Island Reversals


December 4, 2012 (11:30 pm)

Island reversals are defined as compact trading activity within a range of prices, separated from the move preceding it and the move following it. This separation is caused by an exhaustion gap and the subsequent move in the opposite direction occurs as a result of a breakaway gap.

More simply, an island reversal is a chart formation where this is a gap on both sides of a topping or bottoming pattern. They frequently show up after a significant trend is in its final stages. A key sign of a valid island is an increase in volume at both gaps.

This formation is an extremely good indicator of a reversal and tends to be most reliable if it occurs after a strong trend. High volume should be expected in the island trading area.

Apple has seen a number of clear-cut island reversals in the past, as well as a couple messier patterns that could be considered island-like indicators. These are important formations indicating a strong change in sentiment, and we’ll be keeping a close eye on potential formations going forward.

October 2011: Heading into October earnings, Apple gapped up (exhaustion gap) and traded in the $420 area for a couple of days. It missed earnings and gapped down (breakaway gap), forming a very clear island top reversal. The shares proceeded to drop another $50 (12.5%) after the move.

December 2011: Apple gapped down (exhaustion gap) to the $380 area for a couple of days before gapping back up (breakaway gap), forming a clear island reversal. The shares proceeded to run in an almost straight line from $385 to $644.

March 2012: After Apple’s nearly-parabolic run in 1Q 2012, it formed an exhaustion gap at $580 before continuing its run to $644. On its way back down, it formed a breakaway gap at $618 and continued down to $550 (11% drop) and eventually $522 (15.5% drop). This instance is not a clear island reversal, but has similar characteristics.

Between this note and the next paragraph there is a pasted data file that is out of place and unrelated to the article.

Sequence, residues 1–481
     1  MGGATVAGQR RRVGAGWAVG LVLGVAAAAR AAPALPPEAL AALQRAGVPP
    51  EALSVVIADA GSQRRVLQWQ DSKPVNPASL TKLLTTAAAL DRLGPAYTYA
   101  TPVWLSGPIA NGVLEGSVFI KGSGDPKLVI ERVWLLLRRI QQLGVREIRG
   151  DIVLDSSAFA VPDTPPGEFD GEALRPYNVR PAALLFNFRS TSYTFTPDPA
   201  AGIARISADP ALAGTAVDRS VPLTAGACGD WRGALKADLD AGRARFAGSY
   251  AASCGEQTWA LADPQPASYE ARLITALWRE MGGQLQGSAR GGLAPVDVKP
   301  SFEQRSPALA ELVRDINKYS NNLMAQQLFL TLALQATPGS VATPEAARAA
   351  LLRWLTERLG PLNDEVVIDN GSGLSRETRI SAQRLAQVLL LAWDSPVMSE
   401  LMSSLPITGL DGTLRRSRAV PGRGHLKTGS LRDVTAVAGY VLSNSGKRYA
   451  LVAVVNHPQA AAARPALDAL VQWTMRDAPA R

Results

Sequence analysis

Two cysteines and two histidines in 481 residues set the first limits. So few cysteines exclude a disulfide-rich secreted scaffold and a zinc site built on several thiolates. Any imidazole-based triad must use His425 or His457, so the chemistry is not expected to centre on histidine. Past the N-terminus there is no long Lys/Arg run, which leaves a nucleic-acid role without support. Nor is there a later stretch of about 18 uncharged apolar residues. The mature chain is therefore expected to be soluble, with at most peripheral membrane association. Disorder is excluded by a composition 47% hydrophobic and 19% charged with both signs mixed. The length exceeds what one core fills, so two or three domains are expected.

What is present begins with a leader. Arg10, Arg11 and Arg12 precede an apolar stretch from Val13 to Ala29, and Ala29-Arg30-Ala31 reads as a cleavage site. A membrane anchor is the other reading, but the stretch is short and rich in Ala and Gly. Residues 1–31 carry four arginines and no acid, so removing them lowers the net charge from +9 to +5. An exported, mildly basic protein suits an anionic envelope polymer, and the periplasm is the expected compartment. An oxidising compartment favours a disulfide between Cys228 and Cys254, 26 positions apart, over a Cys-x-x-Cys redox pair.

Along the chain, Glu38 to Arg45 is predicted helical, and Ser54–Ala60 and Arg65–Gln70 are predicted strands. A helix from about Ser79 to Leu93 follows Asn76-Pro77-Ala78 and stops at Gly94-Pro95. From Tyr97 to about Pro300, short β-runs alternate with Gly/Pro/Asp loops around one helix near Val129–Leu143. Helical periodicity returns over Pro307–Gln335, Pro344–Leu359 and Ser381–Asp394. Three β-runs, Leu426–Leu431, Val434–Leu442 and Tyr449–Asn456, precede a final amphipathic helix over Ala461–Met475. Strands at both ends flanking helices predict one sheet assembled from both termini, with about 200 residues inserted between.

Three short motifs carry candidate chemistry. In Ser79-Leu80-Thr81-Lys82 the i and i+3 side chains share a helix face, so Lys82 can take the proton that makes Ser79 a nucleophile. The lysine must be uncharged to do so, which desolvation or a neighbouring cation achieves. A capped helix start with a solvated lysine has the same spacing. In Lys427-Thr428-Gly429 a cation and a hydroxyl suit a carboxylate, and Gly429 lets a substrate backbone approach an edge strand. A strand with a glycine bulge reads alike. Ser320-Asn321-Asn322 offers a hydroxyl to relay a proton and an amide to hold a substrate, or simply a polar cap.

July 2012: After Apple missed July earnings, it formed an exhaustion gap at $575. After three days of consolidation, the shares formed a breakway gap up to $582 and continued to rally to $705 (20% gain) over the next six weeks.

September 2012: An exhaustion gap was formed at $670 as Apple’s rally to $705 was nearing its end. After some consolidation near the top, the shares formed a breakaway gap at $680 and fell almost straight down to $505 (25% drop). This was a pretty clear island top reversal.

November 2012: On its way to find the eventual bottom at $505, Apple formed an exhaustion gap at $575. After capitulation at the lows, it formed a breakaway gap at $530 and continued its run back up. It has since hit $590, or an 11% gain from the breakaway gap.

Clearly this is an important formation to keep an eye on, as a number of Apple’s most significant trend-reversals were formed by islands. Some were formed within clear-cut islands and some were less clear, but these gaps will be important signals going forward.